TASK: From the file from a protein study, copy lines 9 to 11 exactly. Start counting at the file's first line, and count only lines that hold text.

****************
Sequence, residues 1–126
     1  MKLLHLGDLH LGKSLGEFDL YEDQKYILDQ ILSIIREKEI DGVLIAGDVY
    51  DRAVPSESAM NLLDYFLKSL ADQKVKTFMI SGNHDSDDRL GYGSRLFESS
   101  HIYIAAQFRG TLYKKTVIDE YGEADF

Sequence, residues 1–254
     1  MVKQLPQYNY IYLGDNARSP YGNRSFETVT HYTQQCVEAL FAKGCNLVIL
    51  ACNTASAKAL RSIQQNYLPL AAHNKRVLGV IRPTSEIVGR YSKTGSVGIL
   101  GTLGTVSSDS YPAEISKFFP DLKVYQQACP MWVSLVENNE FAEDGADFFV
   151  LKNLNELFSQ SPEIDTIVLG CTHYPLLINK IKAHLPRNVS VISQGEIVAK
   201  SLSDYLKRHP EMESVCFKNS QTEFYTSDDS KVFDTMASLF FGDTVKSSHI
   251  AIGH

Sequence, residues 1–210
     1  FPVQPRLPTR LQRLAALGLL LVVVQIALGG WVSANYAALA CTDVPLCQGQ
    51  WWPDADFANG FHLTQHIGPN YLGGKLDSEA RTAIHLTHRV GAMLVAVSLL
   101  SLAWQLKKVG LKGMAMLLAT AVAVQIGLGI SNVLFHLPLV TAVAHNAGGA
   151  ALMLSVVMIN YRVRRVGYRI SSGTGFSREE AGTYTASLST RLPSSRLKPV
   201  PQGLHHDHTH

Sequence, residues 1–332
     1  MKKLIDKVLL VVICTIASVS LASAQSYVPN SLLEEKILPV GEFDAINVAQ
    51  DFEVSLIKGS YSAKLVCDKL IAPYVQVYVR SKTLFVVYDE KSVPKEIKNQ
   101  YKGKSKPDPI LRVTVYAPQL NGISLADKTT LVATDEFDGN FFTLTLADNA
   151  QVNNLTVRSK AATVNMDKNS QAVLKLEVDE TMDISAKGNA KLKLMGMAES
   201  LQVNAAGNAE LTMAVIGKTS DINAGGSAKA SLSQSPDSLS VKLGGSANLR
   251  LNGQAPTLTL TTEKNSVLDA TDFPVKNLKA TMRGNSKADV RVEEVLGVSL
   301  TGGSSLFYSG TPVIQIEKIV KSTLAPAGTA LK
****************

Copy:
   151  LKNLNELFSQ SPEIDTIVLG CTHYPLLINK IKAHLPRNVS VISQGEIVAK
   201  SLSDYLKRHP EMESVCFKNS QTEFYTSDDS KVFDTMASLF FGDTVKSSHI
   251  AIGH